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Iamblichus' political philosophy

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  • Mark
    Best wishes to one and all for the new year! PS - A little study on Iamblichus Protrepticus:
    Message 1 of 3 , Jan 6, 2013
      Best wishes to one and all for the new year!

      PS - A little study on Iamblichus' Protrepticus:

      http://www.academia.edu/2367396/Iamblichus_use_of_nomos_in_chapter_XX_of_the_Protrepticus
    • Tim Addey
      The Prometheus Trust s eighth annual conference has been planned under the title Philosophy: Restoring the Soul. The conference is to be held, as usual, in
      Message 2 of 3 , Jan 12, 2013
        The Prometheus Trust's eighth annual conference has been planned under
        the title "Philosophy: Restoring the Soul." The conference is to be
        held, as usual, in Warminster, Wiltshire in the UK: this is short train
        journey from Cardiff which hosts the ISNS conference a week earlier -
        kill two conference birds with one stone!

        Philosophy: Restoring the Soul

        Ivy House, Warminster, Wiltshire, UK

        June 21-23 2013

        Philosophy's original practitioners understood its primary purpose as
        that of restoring the soul to its divine likeness through the
        cultivation of wisdom. Platonic philosophy especially explored right
        action, reason, contemplation and divine inspiration as the
        interconnected means through which the inherent excellencies of an
        immortal soul could be made actual.

        In modern times this original view has, to a large extent, been
        abandoned -- indeed the very notion of the self as an immortal soul is
        usually considered as a affirmation of non-rational religions, rather
        than thoughtful philosophy. Without the reality of an essential soul,
        ethics cannot be based on its powers, and thus the development of the
        virtues, too, is brought into question. The direction of human energies,
        in this worldview, becomes a more or less arbitrary matter -- one more
        relative activity in a relativistic universe.

        This conference is invited to consider three main areas of interest:

        Firstly, the original purposes of philosophy, and how its best thinkers
        and practitioners sought to restore the soul.

        Secondly, how we can shape our present practice of philosophy in order
        to draw upon the best of ancient and modern insights into the nature of
        the self and the universe in which we live.

        Thirdly, how the notion of the immortal soul can be restored to
        mainstream philosophy in the future.

        Papers addressing any or all of these areas will be welcome from
        professional and amateur, academic and non-academic philosophers.

        We are delighted that Professor John M Dillon has agreed to give the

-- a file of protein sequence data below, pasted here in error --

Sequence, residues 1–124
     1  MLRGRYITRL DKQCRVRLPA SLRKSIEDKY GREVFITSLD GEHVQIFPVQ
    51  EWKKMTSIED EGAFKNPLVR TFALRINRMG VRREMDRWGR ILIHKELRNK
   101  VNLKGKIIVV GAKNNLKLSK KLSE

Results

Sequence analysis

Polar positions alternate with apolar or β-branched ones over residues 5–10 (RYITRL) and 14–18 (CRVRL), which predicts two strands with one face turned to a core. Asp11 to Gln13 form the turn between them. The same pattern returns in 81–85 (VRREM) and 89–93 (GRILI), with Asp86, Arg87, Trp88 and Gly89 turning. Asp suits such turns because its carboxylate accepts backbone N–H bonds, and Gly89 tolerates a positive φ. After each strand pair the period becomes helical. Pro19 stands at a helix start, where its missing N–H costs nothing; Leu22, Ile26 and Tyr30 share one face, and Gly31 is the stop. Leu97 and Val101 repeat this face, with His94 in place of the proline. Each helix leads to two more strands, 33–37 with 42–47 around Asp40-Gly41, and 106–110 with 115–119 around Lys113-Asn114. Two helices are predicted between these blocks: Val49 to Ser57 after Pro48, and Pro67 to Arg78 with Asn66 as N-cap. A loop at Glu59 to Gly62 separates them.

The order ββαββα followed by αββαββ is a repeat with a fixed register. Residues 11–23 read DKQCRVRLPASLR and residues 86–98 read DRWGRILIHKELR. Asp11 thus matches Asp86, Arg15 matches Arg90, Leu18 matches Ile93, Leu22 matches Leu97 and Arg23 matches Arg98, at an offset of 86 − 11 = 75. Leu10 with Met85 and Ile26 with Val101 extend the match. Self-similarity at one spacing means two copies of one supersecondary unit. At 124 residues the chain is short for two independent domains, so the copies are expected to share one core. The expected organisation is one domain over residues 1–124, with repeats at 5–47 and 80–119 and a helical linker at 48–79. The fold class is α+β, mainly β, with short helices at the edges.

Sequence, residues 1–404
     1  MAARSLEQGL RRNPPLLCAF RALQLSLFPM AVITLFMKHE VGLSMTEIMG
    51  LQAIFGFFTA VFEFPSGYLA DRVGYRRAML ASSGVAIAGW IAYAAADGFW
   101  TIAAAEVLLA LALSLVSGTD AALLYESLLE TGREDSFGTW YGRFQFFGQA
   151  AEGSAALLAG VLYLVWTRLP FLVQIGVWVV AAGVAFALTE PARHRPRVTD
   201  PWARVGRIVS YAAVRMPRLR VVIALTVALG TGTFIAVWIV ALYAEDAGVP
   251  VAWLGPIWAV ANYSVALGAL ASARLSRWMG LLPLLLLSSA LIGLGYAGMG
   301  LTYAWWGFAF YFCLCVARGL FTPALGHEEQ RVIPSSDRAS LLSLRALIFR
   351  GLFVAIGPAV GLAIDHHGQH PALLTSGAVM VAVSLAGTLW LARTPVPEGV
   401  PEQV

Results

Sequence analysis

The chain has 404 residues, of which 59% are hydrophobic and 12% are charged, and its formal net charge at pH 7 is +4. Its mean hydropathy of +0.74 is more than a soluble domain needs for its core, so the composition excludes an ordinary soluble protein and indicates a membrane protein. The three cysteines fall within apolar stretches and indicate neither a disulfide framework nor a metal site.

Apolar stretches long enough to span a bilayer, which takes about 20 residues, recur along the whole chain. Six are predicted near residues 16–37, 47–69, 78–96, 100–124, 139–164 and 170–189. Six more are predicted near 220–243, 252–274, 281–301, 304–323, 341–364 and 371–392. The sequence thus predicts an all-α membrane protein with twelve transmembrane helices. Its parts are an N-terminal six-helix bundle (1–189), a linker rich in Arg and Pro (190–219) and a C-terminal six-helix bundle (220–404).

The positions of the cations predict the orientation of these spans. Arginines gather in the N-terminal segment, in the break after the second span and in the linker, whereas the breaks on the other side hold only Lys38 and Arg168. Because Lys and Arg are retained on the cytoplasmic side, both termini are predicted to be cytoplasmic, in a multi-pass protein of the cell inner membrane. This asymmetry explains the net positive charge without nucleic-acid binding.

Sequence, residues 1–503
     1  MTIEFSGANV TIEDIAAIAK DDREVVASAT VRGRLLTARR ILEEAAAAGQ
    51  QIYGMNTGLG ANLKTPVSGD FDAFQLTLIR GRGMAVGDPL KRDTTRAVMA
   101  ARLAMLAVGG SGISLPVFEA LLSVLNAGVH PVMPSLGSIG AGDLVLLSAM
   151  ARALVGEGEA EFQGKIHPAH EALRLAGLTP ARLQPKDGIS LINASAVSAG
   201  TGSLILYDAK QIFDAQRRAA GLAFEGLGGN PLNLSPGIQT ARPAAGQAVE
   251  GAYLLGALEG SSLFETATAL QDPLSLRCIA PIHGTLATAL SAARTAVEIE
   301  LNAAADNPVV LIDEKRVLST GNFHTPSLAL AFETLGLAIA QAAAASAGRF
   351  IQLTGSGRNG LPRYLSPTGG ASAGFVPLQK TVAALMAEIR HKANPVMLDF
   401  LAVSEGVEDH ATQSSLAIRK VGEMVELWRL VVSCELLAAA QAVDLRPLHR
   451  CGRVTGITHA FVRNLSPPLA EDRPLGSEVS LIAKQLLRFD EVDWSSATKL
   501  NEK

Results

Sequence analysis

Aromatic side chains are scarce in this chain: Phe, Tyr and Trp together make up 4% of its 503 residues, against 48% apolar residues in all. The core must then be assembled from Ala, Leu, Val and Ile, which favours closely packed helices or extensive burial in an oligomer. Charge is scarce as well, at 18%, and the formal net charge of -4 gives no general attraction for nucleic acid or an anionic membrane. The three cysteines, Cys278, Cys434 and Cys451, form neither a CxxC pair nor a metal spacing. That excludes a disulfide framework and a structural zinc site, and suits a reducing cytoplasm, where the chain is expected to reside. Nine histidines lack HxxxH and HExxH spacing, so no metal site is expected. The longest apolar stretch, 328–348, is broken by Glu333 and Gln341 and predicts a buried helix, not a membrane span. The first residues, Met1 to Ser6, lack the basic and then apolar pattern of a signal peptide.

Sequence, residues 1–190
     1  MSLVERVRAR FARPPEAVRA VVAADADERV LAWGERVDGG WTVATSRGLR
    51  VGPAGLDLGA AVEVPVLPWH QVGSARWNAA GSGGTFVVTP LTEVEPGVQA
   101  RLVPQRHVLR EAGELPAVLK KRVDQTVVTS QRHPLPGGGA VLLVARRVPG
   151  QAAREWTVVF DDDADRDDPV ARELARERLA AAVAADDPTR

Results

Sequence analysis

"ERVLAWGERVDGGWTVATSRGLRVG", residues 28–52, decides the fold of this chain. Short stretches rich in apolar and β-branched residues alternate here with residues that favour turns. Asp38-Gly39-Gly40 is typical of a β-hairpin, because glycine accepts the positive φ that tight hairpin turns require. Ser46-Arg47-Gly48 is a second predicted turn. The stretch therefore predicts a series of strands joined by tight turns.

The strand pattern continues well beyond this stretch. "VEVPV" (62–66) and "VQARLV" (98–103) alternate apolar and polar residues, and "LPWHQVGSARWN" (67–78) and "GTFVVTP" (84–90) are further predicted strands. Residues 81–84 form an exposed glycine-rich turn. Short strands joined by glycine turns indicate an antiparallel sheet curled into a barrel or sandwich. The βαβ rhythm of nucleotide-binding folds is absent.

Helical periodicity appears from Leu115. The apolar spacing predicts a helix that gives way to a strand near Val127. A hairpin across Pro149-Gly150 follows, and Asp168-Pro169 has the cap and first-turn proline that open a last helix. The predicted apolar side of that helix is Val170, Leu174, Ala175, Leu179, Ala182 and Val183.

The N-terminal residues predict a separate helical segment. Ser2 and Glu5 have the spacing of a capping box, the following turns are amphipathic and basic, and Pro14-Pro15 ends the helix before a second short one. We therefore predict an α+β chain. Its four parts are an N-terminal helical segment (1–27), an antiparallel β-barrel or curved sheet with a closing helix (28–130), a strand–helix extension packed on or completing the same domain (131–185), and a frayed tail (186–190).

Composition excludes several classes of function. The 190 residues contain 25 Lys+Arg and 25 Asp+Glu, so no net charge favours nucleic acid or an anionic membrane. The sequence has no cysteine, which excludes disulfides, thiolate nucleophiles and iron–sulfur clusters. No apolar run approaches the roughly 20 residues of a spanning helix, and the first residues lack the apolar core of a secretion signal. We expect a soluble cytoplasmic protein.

keynote address, and that Dr Gregory Shaw will be delivering the eighth
        Thomas Taylor Lecture on the Saturday evening of the conference.

        More details can be found
        here:http://www.prometheustrust.co.uk/html/conference.html
        <http://www.prometheustrust.co.uk/html/conference.html>

        Tim Addey


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      • John Uebersax
        Congratulations, Tim, on choice of an excellent and timely theme for this year s conference! In an interesting example of synchronicity, literally one moment
        Message 3 of 3 , Jan 14, 2013
          Congratulations, Tim, on choice of an excellent and timely theme for this year's conference!

          In an interesting example of synchronicity, literally one moment before opening and reading your message I had written the following for a young colleague:

          philosophy = love of truth and wisdom -> purification of will (humility) and purification of understanding (suspension of judgment) -> spontaneous development of ability to 'see' (noesis) subtle workings of inner mind = maturation and integrity of subtle inner mind = self-actualization, 'likeness to God', immortality.

          A second synchronicity is that, following Dennis' yearly philosophical offering, I had wanted to reciprocate by drawing attention to a rather remarkable philosophical poem (considered by some the best specimen of that genre in English), which perhaps a few members (like me) had not previously encountered.  It is 'Nosce Teipsum', by Sir John Davies:

          http://archive.org/details/philosophyinpoet00snearich

          The second part of this charming and brilliant work is titled, Of The Soule of Man and the Immortalite Thereof.  Some verses:

          Since Nature failes us in no needfull thing,
             Why want I meanes my inward selfe to see?
             Which sight the knowledg of my self might bring,
             Which to true wisdome is the first degree.

          That Power which gave me eyes the World to view,
             To see my selfe infus'd an inward light;
             Whereby my Soule, as by a mirror true,
             Of her owne forme may take a perfect sight,

          But as the sharpest eye discerneth nought,
             Except the sunne-beames in the ayre doe shine;
             So the best Soule with her reflecting thought,
             Sees not her selfe without some light divine.

          O Light which mak'st the light, which makes the day!
             Which setst the eye without, and mind within;
             'Lighten my spirit with one cleare heavenly ray,
             Which now to view it selfe doth first begin.

          --
          John Uebersax

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